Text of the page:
Monday, October 2, 2017

The Streets of Paris in the Age of Louis XIV

From Undark:
The filth of Paris was inescapable. It attached itself ruthlessly to clothes, the sides of buildings, and the insides of nostrils. “Paris is always dirty,” a British visitor observed. “By perpetual motion dirt is beaten into such a thick black unctuous oil, that where it sticks, no art can wash it off. … Besides the stain this dirt leaves, it gives also so strong a scent, that it may be smelt many miles off.” Although King Louis XIV had set his sights on building Versailles, his finance minister Jean-Baptiste Colbert pushed for new efforts to clean up the country’s capital. It was time, Colbert argued, to “purge the city of what was causing its disorders.”

In the fall of 1666, a group of 16 men streamed into the palatial home of Pierre Séguier, the royal chancellor, on the Rue de Grenelle for the first meeting of the committee. They gathered in the immense second-floor gallery, which boasted some of the most elaborate architectural detailing in Europe. One side of the meeting hall was lined with soaring windows topped with colorful midcentury frescoes in elegant plaster frames called gypseries. A long table covered with rich purple felt dominated the center of the room. Colbert sat at the head of the table, Séguier at the other end. Colbert’s uncle, the irascible Henri Pussort, was at the finance minister’s side. Thirteen other committee members, handpicked by Colbert and Séguier, filled the remaining seats at the table. The men quickly settled on the major areas of concern: gun violence, access to drinking water, price gouging on essential provisions (bread, meat, and of course, wine), brothels and prostitution, and prison conditions. But one problem took precedence over all else: the city’s notorious, stinking mud.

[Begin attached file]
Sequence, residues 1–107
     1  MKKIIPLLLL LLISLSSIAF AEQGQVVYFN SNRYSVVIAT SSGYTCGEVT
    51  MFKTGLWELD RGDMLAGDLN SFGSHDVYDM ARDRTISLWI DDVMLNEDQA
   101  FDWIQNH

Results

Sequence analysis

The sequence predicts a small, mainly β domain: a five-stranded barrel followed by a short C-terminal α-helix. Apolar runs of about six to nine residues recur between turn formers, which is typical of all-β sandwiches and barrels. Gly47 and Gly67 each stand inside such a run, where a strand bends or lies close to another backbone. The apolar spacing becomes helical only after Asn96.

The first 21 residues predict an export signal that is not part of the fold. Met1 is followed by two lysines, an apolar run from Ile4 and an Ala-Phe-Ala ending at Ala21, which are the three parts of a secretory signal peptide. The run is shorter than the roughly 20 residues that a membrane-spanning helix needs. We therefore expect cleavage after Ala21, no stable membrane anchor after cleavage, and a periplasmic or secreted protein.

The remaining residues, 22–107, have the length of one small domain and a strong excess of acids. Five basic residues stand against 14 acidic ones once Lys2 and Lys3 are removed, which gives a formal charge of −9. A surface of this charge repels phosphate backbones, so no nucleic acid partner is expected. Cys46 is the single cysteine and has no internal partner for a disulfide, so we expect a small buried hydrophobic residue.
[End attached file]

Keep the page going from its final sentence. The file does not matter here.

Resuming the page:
For centuries, royal edicts attempted to cajole residents to take better care of shared public thoroughfares. In 1563, Charles IX had ordered that “with no exception,” every property owner must tidy up in front of his own residence at precisely six o’clock every morning and again at three in the afternoon. Homeowners were to amass all “mud, trash, and other filth” against the wall of the building or in a basket until the trash collector arrived. The edict also forbade inhabitants to throw any household or human waste out the window and into the street. This, too, should be neatly swept toward the walls or kept in a basket. Citizens were alerted to the edicts by postings in public squares and announcements throughout the city by town criers. Violators would be fined. (Read more.)

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